LandLAB are pleased to have 2 projects as finalists in the 2018 Best Awards - the Avon River Park 'Literature Trail' in the Environmental Graphics category (with the super Neil Pardington), and; 'Nga Whariki' (with the amazing Reihana Parata, Morehu Flutey-Henare and Wayne Youle) in the Nga Aho category - both for Otakaro (Martin Trusttum + Peter Matthews).
These projects have been defined by Ngāi Tahu principles “Kia atawhai ki te iwi, Be kind to your people” welcoming citizens back in to the recreated city, and; “Unu tai, which waters are you from?” that embrace the river as a way to reinforce place and identity.
The 'Literature Trail' integrates a series of text based works, in dialogue with the Ōtākaro, within the new public realm, promenade and terraces that frame the river. The selection of words and thier detailed execution articulates shared histories and ampifies relationships between the river and city.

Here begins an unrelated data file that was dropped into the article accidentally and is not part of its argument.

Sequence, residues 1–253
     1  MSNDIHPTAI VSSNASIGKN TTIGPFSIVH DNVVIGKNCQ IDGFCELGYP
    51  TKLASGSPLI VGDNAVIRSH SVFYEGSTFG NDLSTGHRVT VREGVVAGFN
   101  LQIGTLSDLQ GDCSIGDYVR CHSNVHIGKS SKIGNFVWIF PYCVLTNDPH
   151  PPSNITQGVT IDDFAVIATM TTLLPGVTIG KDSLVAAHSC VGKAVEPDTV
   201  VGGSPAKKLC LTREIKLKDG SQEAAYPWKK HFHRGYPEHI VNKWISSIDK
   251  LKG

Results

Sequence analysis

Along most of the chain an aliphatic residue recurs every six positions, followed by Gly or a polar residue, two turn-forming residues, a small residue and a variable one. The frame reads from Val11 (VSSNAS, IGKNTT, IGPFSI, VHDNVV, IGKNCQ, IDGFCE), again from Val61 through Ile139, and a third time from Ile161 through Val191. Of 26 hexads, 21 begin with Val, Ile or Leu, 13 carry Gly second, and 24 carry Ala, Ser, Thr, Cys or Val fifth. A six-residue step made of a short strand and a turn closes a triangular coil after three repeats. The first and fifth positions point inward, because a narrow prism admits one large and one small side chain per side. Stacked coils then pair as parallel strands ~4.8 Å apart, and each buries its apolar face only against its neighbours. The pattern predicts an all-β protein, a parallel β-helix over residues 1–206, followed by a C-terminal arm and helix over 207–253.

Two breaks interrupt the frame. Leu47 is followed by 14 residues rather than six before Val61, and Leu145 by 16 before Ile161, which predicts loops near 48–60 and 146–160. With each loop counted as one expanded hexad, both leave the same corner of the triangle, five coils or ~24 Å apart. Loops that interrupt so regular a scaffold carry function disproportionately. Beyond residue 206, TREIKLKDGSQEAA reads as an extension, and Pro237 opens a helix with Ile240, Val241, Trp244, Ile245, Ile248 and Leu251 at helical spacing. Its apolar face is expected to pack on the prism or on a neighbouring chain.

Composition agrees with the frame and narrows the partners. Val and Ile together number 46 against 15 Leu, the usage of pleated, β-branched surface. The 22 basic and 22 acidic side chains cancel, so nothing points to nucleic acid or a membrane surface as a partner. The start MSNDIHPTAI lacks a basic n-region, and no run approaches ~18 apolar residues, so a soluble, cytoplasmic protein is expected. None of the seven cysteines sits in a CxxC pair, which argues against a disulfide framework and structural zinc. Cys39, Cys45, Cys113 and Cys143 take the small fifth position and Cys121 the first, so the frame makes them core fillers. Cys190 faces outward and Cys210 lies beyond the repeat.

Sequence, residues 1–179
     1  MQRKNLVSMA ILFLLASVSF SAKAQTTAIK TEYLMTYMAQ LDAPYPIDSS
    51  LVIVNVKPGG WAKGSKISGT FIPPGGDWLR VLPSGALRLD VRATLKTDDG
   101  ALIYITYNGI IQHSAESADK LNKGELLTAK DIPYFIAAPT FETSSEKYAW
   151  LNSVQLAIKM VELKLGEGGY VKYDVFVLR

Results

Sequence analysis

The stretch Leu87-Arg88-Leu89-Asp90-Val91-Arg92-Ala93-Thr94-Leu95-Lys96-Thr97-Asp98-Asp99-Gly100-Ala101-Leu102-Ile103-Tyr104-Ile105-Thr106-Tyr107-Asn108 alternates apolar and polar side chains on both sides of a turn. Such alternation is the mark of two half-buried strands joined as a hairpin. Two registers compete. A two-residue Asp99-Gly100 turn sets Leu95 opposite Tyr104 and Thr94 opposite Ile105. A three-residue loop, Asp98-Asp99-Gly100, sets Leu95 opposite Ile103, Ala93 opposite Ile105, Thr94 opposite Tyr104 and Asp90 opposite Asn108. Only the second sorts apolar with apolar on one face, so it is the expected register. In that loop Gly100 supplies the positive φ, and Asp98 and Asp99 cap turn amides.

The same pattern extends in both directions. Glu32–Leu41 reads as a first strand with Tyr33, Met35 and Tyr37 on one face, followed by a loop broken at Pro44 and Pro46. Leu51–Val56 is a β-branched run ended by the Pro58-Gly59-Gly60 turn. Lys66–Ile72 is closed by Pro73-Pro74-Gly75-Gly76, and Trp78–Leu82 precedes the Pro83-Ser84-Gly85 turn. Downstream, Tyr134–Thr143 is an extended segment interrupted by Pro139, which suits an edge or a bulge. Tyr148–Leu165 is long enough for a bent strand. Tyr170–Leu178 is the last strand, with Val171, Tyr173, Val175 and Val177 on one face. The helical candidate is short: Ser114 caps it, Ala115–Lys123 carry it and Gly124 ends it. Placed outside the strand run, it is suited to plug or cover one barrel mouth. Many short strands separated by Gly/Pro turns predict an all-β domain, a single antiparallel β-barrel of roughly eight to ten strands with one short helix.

In alternating frequency with literature pieces, the ‘Ngā Whāriki’ are allegorical weaving mats, translated into stone and settled within the river bank at locations that intersecting with specific stories, narratives and points of interest. Their position upon the bank varies, as if deposited by the Ōtākaro in flood. Each pattern illustrates different stories and ideals, originating with master weavers Reihana Parata and Morehu Flutey-Henare, and iteratively translated into digital drawings with artist/graphic designer Wayne Youle. Effectively a visual language system, the patterns can be read longitudinally as a stacking of layers which communicate a specific narrative. Laterally, the pattern can be extended by modules described as ‘hono’ - meaning “to join, connect, splice and weave to make a longer mat”.